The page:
The Way We Were: One Year Ago On March 5, 2010 — Let’s rewind back to exactly one year ago on March 4, 2010 and see what our Chief Market Strategist Jeremy Klein had to say on that day:

(“Re”) Introducing the Quick and Dirty

After four days of boredom that goes well beyond anything the sport of curling can offer, we finally arrive at the Big One. Regardless of what number flashes across our screens at 8:30 AM, the market will move in a major way such that the S&P 500 futures will most likely break out of this week’s soporific range of 1115 to 1125. Beyond the typical high interest a Jobs Reports brings, two things make today’s data more intriguing than usual.

First, except for the report received this past December, every Nonfarm Payrolls released in the past two years has reflected negative job growth. Last month’s -20K print, however, brought us close to the happy side of par suggesting the employment picture continues to firm up providing further evidence that the economic recovery still remains on track. Any backing off from job creation given the environment of the recent poor data, especially from the Department of labour’s release of Jobless Claims, will make many people more nervous that the recovery is not a done deal and the economy sits halfway through a double dip recession.  

Next, as evidenced by blogs, such as this one by Floyd Norris of The New York Times (, research reports, and the talking heads on CNBC, we hear whispers of a miserable report thanks to the giant snowstorm which hit the Atlantic Seaboard on February 9-10. Nonfarm Payrolls are compiled from the week which contains the 12th day of the month, such that many economists fear the weather forced employees to stay at home to therefore be undercounted in the establishment survey.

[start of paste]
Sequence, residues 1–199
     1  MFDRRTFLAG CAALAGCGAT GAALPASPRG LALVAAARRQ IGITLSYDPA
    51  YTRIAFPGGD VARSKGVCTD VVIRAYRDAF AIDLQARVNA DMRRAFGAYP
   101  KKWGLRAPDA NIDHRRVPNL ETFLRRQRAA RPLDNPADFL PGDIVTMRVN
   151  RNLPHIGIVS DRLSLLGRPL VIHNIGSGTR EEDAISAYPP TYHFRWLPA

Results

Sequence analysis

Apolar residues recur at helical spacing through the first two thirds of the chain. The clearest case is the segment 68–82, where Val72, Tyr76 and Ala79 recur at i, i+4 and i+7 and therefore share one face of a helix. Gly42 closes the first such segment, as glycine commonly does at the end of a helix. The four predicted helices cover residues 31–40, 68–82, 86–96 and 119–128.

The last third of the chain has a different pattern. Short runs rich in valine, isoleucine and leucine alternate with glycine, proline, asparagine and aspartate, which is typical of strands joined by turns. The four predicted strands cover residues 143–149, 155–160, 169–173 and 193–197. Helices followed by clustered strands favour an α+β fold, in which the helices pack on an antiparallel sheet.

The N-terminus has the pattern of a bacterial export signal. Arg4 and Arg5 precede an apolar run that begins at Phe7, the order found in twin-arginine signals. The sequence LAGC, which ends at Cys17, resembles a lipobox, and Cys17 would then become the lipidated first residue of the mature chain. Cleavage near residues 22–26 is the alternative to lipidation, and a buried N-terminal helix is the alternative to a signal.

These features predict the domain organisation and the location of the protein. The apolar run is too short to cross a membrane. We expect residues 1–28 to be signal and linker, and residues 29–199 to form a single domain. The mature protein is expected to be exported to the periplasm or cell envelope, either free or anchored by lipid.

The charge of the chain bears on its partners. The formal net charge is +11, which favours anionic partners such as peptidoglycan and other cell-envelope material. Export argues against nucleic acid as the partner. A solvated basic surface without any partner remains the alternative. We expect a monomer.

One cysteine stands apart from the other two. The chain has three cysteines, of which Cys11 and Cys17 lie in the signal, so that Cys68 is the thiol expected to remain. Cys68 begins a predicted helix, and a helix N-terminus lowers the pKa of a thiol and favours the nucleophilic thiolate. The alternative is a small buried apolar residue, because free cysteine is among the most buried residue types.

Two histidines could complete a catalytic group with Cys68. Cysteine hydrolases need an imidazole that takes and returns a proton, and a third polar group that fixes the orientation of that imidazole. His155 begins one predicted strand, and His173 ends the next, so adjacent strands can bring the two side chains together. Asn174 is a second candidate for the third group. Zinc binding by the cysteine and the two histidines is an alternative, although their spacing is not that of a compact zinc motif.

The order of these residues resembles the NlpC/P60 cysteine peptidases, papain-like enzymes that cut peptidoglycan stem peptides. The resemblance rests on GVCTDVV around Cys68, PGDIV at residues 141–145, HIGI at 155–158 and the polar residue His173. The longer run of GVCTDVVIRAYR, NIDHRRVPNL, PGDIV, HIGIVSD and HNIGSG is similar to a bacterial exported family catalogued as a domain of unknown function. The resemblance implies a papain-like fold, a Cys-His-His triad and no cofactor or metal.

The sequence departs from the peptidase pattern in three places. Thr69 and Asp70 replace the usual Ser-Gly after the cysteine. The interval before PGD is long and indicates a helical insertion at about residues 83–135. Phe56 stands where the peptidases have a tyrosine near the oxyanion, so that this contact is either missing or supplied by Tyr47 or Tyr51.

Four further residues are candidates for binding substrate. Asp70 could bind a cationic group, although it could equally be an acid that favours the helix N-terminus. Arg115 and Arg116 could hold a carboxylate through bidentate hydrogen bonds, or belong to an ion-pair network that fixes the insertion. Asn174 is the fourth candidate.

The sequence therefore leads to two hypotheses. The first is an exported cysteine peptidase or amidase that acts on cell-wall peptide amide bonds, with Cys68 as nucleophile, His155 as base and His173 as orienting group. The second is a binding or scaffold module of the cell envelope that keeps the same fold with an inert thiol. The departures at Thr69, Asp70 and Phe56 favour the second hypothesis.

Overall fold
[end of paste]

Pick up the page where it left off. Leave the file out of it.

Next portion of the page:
Some, including Mr. Norris, point to a sequence of releases during the winter of 1996 as proof. January’s survey from that year coincided with another Northeast blizzard which caused a significant, counter trend drop of 206K jobs only to get an eye popping 705K rebound the following month. While the data revisions eventually smoothed out somewhat to lessen the effect over the course of that year, economists are now taking notice, for despite a decent ADP report on Wednesday, consensus for Nonfarm Payrolls has slipped in the past 3 days from -20K to -68K. For completeness, ADP did produce a -20K estimate while my world famous Quick and Dirty model, which I base on Initial Jobless Claims numbers and not Al Roker, predicts -110K.

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